Working in a 3D World with Substance Stager
I recently began experimenting with one of Adobe's newest tools, Substance Stager. Stager picks up where our former 2D/3D compositing tool, Adobe Dimension, left off, while still remaining fairly easy to use for the novice (like me).

If I found one point of frustration with Dimension, it was that the 3D objects I placed in a natural 2D scene often did not look completely real; they looked too new, unused. This is well and good for a hero product shot, but when you're dropping a kayak or canoe into a landscape scene, you visually expect the objects to look a little rougher, scuffed up. I couldn't get that level of control with the 3D models I was using in Dimension.
Now, I'll be the first to admit this issue could stem from the user (me) - I'm not an experienced 3D artist; I'm a photographer. And as I talk to photography students and try to gently warn them of the technology coming down the pipe, I try to explain that they - as trained photographers - are possibly in one of the best positions to understand and adopt this technology and incorporate it into their workflow when necessary.
With the addition of Substance 3D into the Adobe toolset, I now have that greater level of control. The 3D models optimized for use in Substance Stager have far more parameters available to control the various elements of a 3D model. 

Equally as exciting, is the new collision-based transformation option! According to the help files: "Collision transformation is a system that changes the behavior of the transform tools. It allows objects to naturally interact with each other on contact."​​​​​​​
In English this means 3D objects can now bump into each other and react in a natural, physical manner (rather than simply disappearing inside of or behind the object they bump up against).
Example of enabling the Collision tool. Animations courtesy of Adobe.
The addition of this feature, combined with the Match Image command (to set your object on the ground plane and match perspective and lighting) make getting started in 3D far less complicated. And in my case, encouraged me to do more.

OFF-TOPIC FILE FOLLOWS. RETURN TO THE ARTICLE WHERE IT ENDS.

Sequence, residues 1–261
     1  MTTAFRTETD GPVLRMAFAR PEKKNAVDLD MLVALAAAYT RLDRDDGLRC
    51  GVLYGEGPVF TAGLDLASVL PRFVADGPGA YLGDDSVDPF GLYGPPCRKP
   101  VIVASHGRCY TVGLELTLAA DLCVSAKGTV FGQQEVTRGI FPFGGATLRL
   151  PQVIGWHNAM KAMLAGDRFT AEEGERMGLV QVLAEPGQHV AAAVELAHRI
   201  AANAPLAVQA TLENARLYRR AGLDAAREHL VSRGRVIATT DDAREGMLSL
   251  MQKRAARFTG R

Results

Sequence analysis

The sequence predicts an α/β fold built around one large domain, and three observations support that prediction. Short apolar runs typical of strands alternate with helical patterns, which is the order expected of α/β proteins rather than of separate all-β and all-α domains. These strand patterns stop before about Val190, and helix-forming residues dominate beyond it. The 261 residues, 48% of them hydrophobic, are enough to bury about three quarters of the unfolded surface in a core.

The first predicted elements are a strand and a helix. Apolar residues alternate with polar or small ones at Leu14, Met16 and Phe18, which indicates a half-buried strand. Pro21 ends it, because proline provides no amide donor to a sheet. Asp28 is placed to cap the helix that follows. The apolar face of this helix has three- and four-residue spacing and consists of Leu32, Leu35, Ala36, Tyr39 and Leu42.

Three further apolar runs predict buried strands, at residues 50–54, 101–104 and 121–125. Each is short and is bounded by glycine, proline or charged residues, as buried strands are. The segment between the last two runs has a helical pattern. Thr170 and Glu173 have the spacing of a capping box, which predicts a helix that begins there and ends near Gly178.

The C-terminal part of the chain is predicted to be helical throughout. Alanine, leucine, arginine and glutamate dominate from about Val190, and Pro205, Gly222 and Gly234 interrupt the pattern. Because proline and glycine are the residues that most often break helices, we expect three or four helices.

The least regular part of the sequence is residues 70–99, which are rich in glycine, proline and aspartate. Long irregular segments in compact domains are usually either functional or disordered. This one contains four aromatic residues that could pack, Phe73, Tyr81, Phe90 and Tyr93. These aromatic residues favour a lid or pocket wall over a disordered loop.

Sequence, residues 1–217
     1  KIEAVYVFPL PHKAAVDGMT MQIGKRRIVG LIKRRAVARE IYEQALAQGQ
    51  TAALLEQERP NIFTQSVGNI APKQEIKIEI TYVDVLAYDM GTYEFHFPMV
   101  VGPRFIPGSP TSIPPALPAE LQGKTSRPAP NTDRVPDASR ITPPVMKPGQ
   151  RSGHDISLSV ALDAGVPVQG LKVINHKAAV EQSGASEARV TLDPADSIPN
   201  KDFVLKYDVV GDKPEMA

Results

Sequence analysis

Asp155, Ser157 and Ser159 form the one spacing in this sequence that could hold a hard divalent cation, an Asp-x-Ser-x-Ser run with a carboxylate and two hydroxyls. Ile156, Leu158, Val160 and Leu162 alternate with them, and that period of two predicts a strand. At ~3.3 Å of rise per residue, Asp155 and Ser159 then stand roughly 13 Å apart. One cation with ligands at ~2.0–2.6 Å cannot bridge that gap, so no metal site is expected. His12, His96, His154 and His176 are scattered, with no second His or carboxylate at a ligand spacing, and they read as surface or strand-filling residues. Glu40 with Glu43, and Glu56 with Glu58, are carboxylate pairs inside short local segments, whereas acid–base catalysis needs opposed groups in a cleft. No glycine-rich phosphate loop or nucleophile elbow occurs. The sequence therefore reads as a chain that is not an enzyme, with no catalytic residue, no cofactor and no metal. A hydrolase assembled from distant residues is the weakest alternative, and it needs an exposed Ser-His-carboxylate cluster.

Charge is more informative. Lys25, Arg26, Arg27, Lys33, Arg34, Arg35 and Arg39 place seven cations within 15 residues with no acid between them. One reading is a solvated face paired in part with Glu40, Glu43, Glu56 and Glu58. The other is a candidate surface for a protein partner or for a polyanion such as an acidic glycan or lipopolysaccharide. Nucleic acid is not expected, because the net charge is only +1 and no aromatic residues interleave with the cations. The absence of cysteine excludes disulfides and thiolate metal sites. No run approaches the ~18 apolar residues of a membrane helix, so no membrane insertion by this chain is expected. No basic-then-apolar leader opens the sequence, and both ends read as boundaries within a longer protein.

Example of using Match Image.  Animations courtesy of Adobe.
It started with a Boat
I began simply enough; searching the Substance assets collection for a couple different boats. I found a kayak and two wooden rowboats, but no canoe, sadly. I opted for using a rowboat in my composition.

Through trial and error (admittedly, mostly error) I was able to adjust the various properties of the rowboat to make it appear "realistic." More experienced 3D artists would likely be able to do more with materials, but I could find a cedar-strip material that I liked, which also matched the ribbing of the hull. So...I went with white paint. I did add wooden decking, seat material, wood detail for the oars and a blue paint stripe. I by sub-selected part of the hull with the Magic Wand and applied a standard paint material. from the Starter Assets. ​​​​​​​
After adding the first boat, I duplicated it to add a second (two boats are better than one!). I didn't want both boats to be identical, so I decided to reposition one of the oars on the second boat. Models are often made up of many 3D elements. Each of my paddles were separate objects within the boat model, so I could select a single paddle using the scene panel. Once selected I could use the 3D Gizmo (yes, really that is the name of the controller) to reposition the paddle.
I decided to add a couple life jackets to the scene (safety first) and enabled the collision tool. Here is where I may have went a little crazy; not only did I enable collision, but I set it to high quality, and applied it to sub-components of the models (like the paddle, seats, etc...) At first this was not an issue, but as I added more objects (life jackets) I got myself into some trouble with my system slowing waaaaay down. Did I NEED to drill down to this level of collision? I honestly don't know and I'll have to start a new  project from scratch to see if there is a difference to performance and scene realism.